We laughed. We may have cried a little, too. And in the end, we inched a little closer to one another. You can’t beat a night like that.
I hope you have a similar one soon.
I’m a sentimentalist. I’m also an introvert. The two probably go hand in hand. For me, the combination means I feel on a deep level. I just don’t always show it. In fact, I rarely show it.
That’s why writing is such a great outlet for me. And that’s why I wrote the three essay books in the Finding Common Ground series.
In “Common Grounds” (the first book in the series), I explored loss and loneliness.
Generally, I’m not quick to talk about either one, but stumbling into a coffee shop that had a motto of “Alone No Longer” prompted me to write about a conversation I had with a friend named Shawn. I made a point about why a particular style of music meant so much to me and Shawn understood. And his understanding chased my loneliness away.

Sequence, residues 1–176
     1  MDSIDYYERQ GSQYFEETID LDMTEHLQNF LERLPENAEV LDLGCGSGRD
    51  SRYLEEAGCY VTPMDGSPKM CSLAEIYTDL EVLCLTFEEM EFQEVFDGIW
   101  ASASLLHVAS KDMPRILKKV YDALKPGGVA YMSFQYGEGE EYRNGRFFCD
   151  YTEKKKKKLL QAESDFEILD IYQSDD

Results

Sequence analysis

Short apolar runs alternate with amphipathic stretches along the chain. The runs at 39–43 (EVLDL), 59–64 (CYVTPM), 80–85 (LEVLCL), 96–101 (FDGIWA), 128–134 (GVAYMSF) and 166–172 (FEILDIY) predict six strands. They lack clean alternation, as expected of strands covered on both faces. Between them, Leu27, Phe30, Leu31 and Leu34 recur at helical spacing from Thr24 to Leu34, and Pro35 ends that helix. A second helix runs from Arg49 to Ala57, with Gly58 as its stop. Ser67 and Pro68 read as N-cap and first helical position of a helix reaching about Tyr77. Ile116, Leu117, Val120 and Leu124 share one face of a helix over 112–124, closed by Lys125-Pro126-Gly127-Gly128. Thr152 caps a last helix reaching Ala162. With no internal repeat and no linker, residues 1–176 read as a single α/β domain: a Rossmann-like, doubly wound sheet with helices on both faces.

In “Sacred Grounds” (the second book in the series), I reminisced about first loves, first experiences and first favorites.
In it, I said that first love awakens a person inside. Before first love, life is about externals, like fart jokes, baseball cards, and riding bicycles over ramps to see how many pop cans you could clear. At least that’s how it was for me as a teenage boy.
But when first love comes along, it awakens possibility, acceptance, hope, and the strong desire to please and protect the other person. Fart jokes, baseball cards, and riding bicycles over ramps while pretending to be Evel Knievel become childish things of the past.
In “Higher Grounds” (the third book in the series), I wrote about God showing up in the most unlikely of places.